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China - Guangdong to San Francisco, CA

| Anonymous Interpreters | Unknown

Filed under:

Angel Island immigrant: Yes

Place of Origin
China - Guangdong

Place of Settlement
San Francisco, CA
Inside the Administration Building

Inside the Administration Building

Between 1910 and 1940, Angel Island, the port that processed one million immigrants, employed a team of investigators, stenographers, and interpreters. Many of the immigrants coming through Angel Island were from Asia, and interpreters were brought in to translate for the applicant and help the inspector determine if the applicant’s testimony was valid and truthful. With the Chinese Exclusion Acts in effect, many Chinese immigrants were finding creative ways to find ways to work the system and land in the United States. Angel Island investigators evaluated the testimonies from not only the applicant, but also from the applicant-identified family members that had already landed in the U.S. If the stories given by an applicant and a family member didn’t match up, the applicant would be denied entry.

Yet, finding flaws and truths within these stories would not be possible without the interpreters, who had to know a wide array of Chinese provincial dialects. The interpreters had little decision-making power, but were vital in the processing of immigrants. In a series of interviews done in 1976 by Paul Chow, Him Mark Lai, Genny Lim and Judy Yung, interpreters shared their stories of working at Angel Island. The interviewees wished to remain anonymous, due to the delicate nature of their work as interpreters. Interpreters were meant to be impartial, and unbiased within the entire process itself. As we learn more about their lives, we see how difficult it would have been to be truly impartial throughout it all.

Interpreters started out their day by taking the ferry to Angel Island. Most interpreters worked a typical day of 8:30am to 4:00pm, and worked on multiple cases through the day. Their duty was to translate the testimony given by an arriving immigrant, which would assist the inspector in determining the validity of that immigrant’s whole file. For example, some Chinese immigrants would claim family already in the U.S. that wasn’t their truthful family back in China. Some “family members” resembled the applicant quite a bit, so it was difficult to immediately claim invalidity. Interpreters had to tell the inspector what specific dialect the person spoke, and if the person spoke a different dialect than that of their supposed relatives, they were caught in a lie.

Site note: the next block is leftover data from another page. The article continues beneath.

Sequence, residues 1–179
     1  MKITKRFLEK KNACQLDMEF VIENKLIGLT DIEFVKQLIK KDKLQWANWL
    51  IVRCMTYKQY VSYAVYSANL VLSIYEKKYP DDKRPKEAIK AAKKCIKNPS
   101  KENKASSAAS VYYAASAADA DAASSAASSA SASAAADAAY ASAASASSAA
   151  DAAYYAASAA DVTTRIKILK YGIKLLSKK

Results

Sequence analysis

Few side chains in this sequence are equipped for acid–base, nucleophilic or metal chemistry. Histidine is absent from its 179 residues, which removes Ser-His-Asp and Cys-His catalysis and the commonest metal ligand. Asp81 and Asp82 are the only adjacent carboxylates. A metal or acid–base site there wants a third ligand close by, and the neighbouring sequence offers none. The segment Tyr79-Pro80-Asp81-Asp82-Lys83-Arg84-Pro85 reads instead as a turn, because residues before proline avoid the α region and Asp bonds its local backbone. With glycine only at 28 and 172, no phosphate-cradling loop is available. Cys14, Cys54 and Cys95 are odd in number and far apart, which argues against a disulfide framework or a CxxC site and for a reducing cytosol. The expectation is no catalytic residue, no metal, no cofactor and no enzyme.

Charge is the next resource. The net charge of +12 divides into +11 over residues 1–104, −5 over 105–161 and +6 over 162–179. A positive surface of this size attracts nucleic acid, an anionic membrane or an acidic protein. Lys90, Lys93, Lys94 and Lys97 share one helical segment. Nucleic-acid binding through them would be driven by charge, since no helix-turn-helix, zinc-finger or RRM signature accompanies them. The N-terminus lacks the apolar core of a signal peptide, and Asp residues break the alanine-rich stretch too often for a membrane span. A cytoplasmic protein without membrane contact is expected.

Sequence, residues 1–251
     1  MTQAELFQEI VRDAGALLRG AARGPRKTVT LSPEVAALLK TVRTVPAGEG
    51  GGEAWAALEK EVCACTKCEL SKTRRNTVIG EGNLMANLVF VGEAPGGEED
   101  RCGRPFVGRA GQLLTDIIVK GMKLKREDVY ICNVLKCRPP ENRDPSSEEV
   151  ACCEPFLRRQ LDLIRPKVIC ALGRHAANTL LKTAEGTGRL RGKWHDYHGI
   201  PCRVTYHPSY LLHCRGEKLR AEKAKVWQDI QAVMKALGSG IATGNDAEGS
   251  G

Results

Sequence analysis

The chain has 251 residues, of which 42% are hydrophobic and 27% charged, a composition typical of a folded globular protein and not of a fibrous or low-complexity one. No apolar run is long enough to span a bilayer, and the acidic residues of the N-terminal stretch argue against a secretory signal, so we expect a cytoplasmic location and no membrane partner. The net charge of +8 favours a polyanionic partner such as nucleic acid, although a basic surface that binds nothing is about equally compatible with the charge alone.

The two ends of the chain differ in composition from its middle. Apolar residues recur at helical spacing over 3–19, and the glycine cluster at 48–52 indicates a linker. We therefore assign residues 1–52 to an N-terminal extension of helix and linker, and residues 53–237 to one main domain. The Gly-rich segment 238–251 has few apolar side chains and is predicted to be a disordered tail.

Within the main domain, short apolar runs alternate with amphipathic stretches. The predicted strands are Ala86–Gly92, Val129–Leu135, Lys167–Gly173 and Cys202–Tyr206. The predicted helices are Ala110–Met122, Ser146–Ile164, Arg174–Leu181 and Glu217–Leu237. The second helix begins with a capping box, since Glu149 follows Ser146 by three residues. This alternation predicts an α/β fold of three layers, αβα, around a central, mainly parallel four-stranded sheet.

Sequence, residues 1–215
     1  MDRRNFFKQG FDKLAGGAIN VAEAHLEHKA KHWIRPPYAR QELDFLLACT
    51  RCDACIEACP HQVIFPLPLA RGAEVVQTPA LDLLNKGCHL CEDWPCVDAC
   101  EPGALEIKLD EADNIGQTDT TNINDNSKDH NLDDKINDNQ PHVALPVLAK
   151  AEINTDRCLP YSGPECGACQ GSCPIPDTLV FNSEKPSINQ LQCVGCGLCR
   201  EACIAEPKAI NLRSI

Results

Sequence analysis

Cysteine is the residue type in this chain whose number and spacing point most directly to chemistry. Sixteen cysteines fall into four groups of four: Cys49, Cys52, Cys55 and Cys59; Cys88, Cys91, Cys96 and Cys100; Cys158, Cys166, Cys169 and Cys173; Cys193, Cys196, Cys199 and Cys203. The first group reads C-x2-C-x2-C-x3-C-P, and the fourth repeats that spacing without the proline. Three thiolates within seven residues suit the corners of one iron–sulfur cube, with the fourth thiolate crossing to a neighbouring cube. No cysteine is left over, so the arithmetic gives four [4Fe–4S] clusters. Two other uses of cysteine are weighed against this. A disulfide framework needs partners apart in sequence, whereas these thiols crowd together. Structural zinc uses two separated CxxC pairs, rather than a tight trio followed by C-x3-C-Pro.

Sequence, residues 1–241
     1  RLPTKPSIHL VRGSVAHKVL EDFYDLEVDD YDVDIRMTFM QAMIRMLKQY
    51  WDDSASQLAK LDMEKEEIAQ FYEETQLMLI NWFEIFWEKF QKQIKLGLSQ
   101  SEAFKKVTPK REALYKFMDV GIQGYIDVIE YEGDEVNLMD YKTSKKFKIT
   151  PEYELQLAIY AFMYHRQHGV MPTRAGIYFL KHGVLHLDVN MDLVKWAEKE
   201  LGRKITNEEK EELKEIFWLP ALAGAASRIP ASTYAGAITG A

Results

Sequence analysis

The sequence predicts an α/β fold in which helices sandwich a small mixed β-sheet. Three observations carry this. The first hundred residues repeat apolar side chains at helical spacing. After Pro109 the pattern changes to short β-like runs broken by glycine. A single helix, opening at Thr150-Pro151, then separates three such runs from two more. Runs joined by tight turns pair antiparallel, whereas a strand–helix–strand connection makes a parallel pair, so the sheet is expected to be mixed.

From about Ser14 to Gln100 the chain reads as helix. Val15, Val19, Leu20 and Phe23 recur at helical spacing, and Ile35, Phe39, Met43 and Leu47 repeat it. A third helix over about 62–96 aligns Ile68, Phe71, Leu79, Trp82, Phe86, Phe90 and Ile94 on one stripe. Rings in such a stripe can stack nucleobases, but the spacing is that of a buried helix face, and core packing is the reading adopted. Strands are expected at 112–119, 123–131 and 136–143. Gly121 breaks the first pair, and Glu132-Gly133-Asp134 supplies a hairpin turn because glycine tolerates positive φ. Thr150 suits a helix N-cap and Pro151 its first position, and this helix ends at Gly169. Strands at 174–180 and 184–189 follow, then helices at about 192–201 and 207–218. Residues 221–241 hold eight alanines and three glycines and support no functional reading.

Although the interpreter played a key role in each case, they never saw the whole of a case. Interpreters were shifted around, they would hear from one family petitioner, then another interpreter would hear from the actual applicant, then another interpreter would hear from the next family member. Most simple cases had two to three interpreters, but this number went up with the complexity of the stories. If there is a lot of family on record, the testimony can get really long, and require more interpreters. Even if a family member had already given testimony for a previous applicant, they were brought in again to give another testimony, to ensure it matched. Inspectors would check these testimonies to find any inconsistencies, as some would try to fake family connections to get in.

While the process of testifying was elaborate and long, interpreters recalled that it was not intentionally loud or scary. In contrast to the hard-hitting investigators on television dramas, the investigators rarely yelled–rather, they asked many hard questions, bound to trip an applicant up if they do not have their story in place. One interpreter remembered the intricate questions they had to translate: